While planning permission gives the Highlands and Islands Enterprise clearance to begin construction work, operation of the site will also be contingent on a legal and regulatory framework for satellite launches from the United Kingdom being put in place.
This is not expected to be a significant hurdle, as expansion of the UK’s space industry is a key objective of the British Government, and legislation is expected to be laid before the Houses of Parliament in due course.
HIE has partnered with British-based startup Orbex Space, who plan to fly their Orbex Prime rocket from Sutherland. Based in Moray, Orbex was founded in 2015 and has attracted investment from the UK and European Space Agencies.
Named as one of the Sunday Times’ 10 disruptor companies to watch at the end of 2019, Orbex has already secured a healthy backlog of launches, including missions for Surrey Satellite Technology Ltd (SSTL), Astrocast SA and a twenty-launch deal with Elecnor Deimos.
The two-stage Orbex Prime rocket will measure 17 meters (56 feet) in length and 1.3 meters (4.3 feet) in diameter. It is designed to carry a payload of up to 180 kilograms (400 lb) into low Earth orbit. Orbex is marketing the rocket for miniaturized satellite missions as well as deployment of nanosatellites built to the CubeSat and PocketQube standards.
The company also promotes the rocket’s ability to fly short-duration payloads remaining attached to the upper stage.
The Prime rocket burns biopropane fuel and liquid oxygen – a propellant combination Orbex claim will reduce carbon dioxide emissions by 90% compared to rockets burning kerosene.
The rocket has been designed to take advantage of modern technologies, including lightweight composite materials and 3D printing. Most of the engine assembly will be 3D printed, allowing a single structure to be created without any welds or joins.
Orbex further unveiled the second stage of the rocket earlier this year, but little is known about the first stage aside from the fact that it is expected to be reusable, incorporating systems to facilitate its recovery for use across multiple missions.
Sutherland aims to become the first spaceport in the United Kingdom for vertically-launched orbital rockets; in parallel, the UK Space Agency is backing a project to build facilities for air-launched rockets at Newquay Airport in Cornwall – the most southwestern county of England.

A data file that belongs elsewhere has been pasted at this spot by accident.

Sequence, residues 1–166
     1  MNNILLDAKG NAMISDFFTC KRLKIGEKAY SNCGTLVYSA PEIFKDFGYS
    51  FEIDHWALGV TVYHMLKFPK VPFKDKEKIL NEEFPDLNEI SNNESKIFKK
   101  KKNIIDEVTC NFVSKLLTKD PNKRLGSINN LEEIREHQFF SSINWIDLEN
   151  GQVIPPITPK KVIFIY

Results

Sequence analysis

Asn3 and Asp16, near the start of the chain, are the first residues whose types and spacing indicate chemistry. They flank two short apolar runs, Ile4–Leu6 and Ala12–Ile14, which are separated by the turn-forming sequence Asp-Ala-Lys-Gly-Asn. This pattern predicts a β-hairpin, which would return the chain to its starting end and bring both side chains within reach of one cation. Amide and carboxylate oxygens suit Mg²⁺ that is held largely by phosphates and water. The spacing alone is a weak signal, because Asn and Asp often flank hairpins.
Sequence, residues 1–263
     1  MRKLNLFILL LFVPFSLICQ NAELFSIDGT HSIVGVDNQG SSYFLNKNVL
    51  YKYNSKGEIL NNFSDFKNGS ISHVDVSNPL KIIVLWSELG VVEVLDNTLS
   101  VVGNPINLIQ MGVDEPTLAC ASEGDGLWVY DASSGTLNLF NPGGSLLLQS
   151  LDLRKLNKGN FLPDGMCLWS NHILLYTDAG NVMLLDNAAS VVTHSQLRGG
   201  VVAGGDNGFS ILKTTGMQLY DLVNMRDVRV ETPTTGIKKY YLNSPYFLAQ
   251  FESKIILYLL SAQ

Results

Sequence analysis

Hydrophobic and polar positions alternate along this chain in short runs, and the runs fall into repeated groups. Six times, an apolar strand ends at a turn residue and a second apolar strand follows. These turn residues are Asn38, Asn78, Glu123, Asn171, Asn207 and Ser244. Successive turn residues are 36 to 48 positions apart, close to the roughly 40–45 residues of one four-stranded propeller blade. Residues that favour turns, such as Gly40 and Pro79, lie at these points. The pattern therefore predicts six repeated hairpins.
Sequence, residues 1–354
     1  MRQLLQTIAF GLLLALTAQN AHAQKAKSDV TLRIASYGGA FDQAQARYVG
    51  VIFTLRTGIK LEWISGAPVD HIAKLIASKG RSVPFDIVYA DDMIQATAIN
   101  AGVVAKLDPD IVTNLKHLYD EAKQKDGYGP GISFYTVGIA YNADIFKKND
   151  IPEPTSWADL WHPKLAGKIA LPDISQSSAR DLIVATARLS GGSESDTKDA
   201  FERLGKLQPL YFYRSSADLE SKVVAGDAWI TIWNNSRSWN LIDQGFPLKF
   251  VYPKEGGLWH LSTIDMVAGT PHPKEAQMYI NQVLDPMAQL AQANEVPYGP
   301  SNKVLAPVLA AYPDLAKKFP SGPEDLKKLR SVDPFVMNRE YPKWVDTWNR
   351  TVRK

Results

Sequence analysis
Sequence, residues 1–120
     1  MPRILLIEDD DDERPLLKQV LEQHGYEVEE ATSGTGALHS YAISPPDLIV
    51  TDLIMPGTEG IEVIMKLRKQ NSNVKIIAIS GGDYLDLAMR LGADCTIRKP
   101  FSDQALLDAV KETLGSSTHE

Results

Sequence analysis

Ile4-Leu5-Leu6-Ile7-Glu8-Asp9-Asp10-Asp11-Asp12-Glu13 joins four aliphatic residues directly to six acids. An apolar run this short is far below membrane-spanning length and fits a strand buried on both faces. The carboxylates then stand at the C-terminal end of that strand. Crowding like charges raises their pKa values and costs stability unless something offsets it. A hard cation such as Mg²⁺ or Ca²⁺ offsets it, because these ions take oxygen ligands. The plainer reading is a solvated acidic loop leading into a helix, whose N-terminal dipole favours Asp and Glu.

Virgin Orbit has confirmed plans to fly their LauncherOne rocket – which is deployed from a Boeing 747 – from Newquay no earlier than the end of 2021.
The UK also has a suborbital launch site on the island of South Uist in the Outer Hebrides – off the west coast of Scotland – that was originally used for research missions flown by Skua and Petrel sounding rockets between 1962 and 1982. In 2015, a U.S. Terrier-Orion launched from South Uist to became the first rocket fired from the UK to reach space in over 30 years.
Two further launches with Terrier-Oriole rockets took place in 2017, with all three launches conducted to test the AEGIS anti-missile defense systems aboard U.S. Navy ships in the Atlantic Ocean.
Historically, the UK was the sixth country to develop its own orbital launch capability with its Black Arrow rocket placing the Prospero satellite into orbit on 28 October 1971 – after which the project was abandoned. The Prospero launch, along with a preceding failure and two suborbital test flights, took place from the Woomera Rocket Range in Australia.
The Europa rocket, built in partnership with France, Germany and Italy and incorporating a British-built Blue Streak first stage, also flew from Woomera before moving to Kourou, French Guiana, for its final flight.
Now, nearly 50 years later, Orbex is one of a number of British companies vying to restore the country’s orbital launch capability. A rival startup, Skyrora, also aims to fly its rocket – Skyrora-XL – to orbit from a launch site in Great Britain by the end of 2023.
However, with construction now approved for the site at Sutherland, Orbex is now in pole position to take up Black Arrow’s mantle.